On the weird (and cool) phenomenon of gynandromorphism

My friend sent me an article about a cardinal exhibiting a weird phenotype: half of its plumage was the brilliant red of a male, and half of its plumage was the dull colours of a female (source!).  He mentioned that it might be a cool birding goal and I agreed that seeing a gynandromorph of ANY sort in the wild would be awesome!

(More to the point, photographing a gynandromoprh of any sort!)

You can be sure that if I find one personally, you will be the first to know, dear reader(s).

But I did think it would make a fun post to discuss this weird and cool phenomenon.  I first learned about gynandromorphism in developmental biology in college because studying gynandromorphs can teach us a lot about the early stages of development in multicellular organisms (source!).

Gynandromorphic cardinal

Gynandromorphic cardinal Image: DW Maiden, 2 March 2009.

For example, bilaterally asymmetric gynandromorphs (like the cardinal above) are the result of an event that occurs when the developing embryo is between 8 and 64 cells old.  That’s pretty young!  Usually, this occurs because of a mistake in mitosis where the parent cell (for example an XY cell) yields an X daughter cell and an XXY daughter cell.  The cell with just the X chromosome will exhibit a typically female phenotype, while the XXY cell will exhibit a typically male phenotype.

(This is quite the opposite in birds; female birds have a ZW chromosome set, while male birds have a ZZ chromosome set.)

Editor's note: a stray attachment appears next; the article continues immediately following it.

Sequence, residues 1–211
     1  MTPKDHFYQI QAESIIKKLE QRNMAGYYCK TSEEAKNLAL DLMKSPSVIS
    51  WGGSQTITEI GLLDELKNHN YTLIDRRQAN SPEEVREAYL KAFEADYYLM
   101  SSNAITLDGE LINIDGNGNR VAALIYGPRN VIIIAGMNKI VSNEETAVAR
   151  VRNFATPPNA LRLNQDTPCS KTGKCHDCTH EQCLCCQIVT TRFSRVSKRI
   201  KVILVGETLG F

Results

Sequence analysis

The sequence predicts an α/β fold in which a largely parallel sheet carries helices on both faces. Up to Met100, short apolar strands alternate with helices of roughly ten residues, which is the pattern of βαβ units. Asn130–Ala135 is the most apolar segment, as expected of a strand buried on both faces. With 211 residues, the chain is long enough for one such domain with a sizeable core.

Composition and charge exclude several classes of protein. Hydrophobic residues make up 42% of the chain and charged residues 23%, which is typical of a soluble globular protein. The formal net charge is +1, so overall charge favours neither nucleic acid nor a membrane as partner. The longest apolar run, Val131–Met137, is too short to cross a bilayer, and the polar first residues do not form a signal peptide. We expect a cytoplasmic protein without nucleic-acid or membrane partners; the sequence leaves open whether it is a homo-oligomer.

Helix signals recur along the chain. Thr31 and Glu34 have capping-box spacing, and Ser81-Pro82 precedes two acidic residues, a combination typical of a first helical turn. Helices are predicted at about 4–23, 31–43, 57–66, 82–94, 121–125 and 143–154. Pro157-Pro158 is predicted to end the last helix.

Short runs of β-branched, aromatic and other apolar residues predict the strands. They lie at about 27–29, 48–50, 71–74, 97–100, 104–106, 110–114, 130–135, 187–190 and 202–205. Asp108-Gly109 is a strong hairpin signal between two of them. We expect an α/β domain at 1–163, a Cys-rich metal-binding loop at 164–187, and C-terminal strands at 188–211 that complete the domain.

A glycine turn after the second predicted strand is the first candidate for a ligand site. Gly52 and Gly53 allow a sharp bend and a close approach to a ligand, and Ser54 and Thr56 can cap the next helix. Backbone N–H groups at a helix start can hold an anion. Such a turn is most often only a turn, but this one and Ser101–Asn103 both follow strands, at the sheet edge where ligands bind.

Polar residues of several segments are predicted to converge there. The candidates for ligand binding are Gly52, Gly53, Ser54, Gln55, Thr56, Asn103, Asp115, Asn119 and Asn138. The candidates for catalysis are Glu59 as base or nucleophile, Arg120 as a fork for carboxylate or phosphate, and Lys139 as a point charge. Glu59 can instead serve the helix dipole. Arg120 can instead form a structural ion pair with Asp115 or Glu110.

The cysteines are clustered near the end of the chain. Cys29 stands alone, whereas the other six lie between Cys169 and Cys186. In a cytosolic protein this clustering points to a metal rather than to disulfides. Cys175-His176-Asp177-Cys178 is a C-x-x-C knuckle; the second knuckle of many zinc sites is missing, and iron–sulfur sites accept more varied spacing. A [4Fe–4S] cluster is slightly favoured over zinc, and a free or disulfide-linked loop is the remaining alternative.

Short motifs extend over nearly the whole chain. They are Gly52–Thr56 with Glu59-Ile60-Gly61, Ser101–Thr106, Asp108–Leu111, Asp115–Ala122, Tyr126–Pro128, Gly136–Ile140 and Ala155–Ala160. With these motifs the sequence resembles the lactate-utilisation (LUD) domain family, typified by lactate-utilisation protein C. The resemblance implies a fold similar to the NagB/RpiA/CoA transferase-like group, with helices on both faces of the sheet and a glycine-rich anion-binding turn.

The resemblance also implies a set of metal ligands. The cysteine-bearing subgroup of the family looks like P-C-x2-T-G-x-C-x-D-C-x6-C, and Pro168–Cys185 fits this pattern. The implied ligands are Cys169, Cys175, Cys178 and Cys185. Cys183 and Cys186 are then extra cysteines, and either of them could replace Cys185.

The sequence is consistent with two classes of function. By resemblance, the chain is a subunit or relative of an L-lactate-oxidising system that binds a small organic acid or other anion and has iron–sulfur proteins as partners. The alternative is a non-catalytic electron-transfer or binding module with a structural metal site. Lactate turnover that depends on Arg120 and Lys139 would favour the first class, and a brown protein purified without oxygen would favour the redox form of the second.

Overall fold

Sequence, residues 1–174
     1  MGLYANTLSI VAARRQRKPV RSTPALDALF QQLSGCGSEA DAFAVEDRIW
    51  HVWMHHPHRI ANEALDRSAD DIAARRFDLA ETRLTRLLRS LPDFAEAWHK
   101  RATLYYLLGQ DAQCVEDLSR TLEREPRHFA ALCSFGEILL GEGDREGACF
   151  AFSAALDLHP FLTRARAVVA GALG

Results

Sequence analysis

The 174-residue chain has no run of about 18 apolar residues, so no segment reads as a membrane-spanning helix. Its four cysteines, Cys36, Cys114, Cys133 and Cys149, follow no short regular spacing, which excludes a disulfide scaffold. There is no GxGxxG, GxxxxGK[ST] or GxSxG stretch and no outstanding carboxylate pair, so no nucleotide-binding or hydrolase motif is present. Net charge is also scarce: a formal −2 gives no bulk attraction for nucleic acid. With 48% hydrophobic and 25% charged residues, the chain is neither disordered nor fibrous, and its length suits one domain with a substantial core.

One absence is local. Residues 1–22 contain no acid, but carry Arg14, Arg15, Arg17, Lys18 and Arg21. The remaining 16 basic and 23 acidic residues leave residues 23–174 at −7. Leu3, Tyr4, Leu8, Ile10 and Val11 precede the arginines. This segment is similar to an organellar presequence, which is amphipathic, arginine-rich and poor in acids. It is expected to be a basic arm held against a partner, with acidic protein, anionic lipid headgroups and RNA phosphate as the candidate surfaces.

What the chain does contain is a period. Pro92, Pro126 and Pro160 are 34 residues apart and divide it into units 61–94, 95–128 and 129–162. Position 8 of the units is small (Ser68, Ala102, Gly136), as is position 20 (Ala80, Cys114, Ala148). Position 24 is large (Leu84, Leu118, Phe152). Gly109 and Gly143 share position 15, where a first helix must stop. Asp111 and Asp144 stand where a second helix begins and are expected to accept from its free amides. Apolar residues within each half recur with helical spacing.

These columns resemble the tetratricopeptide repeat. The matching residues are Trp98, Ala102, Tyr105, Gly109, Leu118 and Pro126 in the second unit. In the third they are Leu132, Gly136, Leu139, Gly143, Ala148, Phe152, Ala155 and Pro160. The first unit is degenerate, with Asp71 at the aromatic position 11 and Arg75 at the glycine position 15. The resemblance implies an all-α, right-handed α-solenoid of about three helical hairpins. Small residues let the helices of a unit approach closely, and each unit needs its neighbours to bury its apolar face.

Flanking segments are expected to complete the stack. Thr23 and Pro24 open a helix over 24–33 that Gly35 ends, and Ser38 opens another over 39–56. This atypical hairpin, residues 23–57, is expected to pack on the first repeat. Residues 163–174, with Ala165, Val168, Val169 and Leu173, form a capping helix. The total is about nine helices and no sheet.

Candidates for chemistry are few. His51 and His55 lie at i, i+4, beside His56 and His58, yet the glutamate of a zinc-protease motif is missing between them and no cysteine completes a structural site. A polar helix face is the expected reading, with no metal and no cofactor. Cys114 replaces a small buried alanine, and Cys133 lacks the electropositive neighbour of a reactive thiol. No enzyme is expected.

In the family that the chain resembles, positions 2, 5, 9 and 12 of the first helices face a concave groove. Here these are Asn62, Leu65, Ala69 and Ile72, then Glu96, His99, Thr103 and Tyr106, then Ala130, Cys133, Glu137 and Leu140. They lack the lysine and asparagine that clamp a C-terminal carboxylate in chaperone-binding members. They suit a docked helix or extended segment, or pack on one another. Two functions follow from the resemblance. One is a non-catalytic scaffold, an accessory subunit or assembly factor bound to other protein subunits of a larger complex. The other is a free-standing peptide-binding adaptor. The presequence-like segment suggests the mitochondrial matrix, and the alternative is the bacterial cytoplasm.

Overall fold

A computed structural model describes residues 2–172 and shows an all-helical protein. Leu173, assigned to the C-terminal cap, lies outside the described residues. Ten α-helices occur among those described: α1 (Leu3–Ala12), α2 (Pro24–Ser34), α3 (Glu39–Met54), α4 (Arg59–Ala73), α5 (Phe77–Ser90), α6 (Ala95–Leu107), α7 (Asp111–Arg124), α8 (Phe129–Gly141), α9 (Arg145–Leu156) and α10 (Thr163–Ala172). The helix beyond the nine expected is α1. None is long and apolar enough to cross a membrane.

Now, there is a potential source of confusion here…how are gynandromorphs different from chimeras?  Are gynandromorphs a kind of chimera?

From what I have read, the fundamental difference between a gynandromorph and chimera is how they are formed (and correct me on this is your understanding is otherwise).  Chimeras are formed by the fusion of two developing embryos early in development (according to Wikipedia before the 8 cell stage), while the gynandromorph is a single embryo in which there is a relatively early (for bilateral gynandromorphs between 8 and 64 cells) mitotic error.

A gynandromorphic Rose Gypsy Moth (Lymantria mathura), courtesy of Wikipedia

A gynandromorphic Rose Gypsy Moth (Lymantria mathura), courtesy of Wikipedia

If this is true, it seems quite possible that chimerism will be phenotypically indistinguishable from gynandromorphism, but genetically, it should be obvious.  The gynandromorph will have some cells with one sex chromosome, and some cells with three, while all the cells in the chimera should have the full complement of sex chromosomes.

The moral of this story is don’t trust anyone.*

Gynandromorphic Zebra Finch, Figure 1 from Agate et al 2003

Gynandromorphic Zebra Finch, Figure 1 from Agate et al 2003

*Unless they’ve done a genetic analysis.


3 thoughts on “On the weird (and cool) phenomenon of gynandromorphism

  1. Well, I certainly learn a lot of things I never for a moment imagined from your blog . I wonder if those creatures are as confused as they look? Since behavior is often very different in males and females in the wild, makes you wonder if they exhibit both behaviors, one or the other, or neither, something unique? Determining the answer to that question would probably be hard as there would be such a small sampling available. Still, thanks for introducing me to a concept that is certainly unique in my experience !

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